There’s a popular image macro meme that circulates around the internet called “You Had One Job”. The authorities on meme classification identify it as a subcategory of the “Epic Fail” family of memes, and the format is pretty standard. You take a photograph of something obviously stupid — a big bag of donuts in a shop marked “Hot Dogs”, say; a price-reduction sticker that tells you “Original Price: £15.99, Now only £17.99”; a kids’ lunchbox with a big picture of Superman on it labelled “Batman” — and you superimpose in nice friendly capitals: “YOU HAD ONE JOB”.
Such an image macro we can now imagine being made of the photographs of Margaret Atwood and Bernardine Evaristo embracing on stage as last night’s joint winners of the 2019 Booker Prize. BOOKER JUDGES, YOU HAD ONE JOB. Pick a sodding winner. One winner. That’s what the rules say. That’s what you’re formally empanelled to do, and paid to do, and trusted to do. That’s what the public are expecting you to do. That is the whole point of the prize.
According to reports of proceedings, the judges were deadlocked between the two eventual winners. They asked Gaby Wood, the literary director of the prize, whether they could split the prize. No, she said: you can’t. They specifically changed the rules in 1992, after the last time this happened, precisely to prevent judges wimping out and splitting the fifty grand between two. The rubric says in black and white: “the prize may not be divided or withheld”. The panel returned for another hour of deliberation. They asked, again, whether they could split the prize. Gaby this time booted the issue upstairs to Helena Kennedy, Booker’s uber-poobah, the chair of the foundation’s trustees. She, too, said firmly that, no: their job was to pick a single winner.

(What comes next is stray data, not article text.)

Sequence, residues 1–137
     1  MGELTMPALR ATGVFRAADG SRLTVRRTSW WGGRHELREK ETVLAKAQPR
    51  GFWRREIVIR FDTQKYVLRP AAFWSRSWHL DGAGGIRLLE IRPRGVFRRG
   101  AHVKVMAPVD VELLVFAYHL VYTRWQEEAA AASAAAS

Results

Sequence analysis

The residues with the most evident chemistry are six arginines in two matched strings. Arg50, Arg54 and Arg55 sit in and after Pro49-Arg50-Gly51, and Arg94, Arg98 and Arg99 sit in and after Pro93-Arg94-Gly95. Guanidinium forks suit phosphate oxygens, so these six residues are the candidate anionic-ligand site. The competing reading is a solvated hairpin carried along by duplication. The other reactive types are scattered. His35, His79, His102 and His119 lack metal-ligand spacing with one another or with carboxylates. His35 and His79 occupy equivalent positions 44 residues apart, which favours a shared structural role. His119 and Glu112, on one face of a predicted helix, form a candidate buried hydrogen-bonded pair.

Did that do the trick? No.The panel ignored her too and insisted that they were going to split the prize anyway. “We were trying to accommodate the rules that were given to us,” the chair of the judges, Peter Florence, said afterwards. “How do you equably and fairly resolve something that seems irresolvable? You find a way of changing the game.” Fine words, but the first sentence is pure humbug. Rules aren’t there for you to “try to accommodate” — just ask Boris Johnson about his prorogation scheme.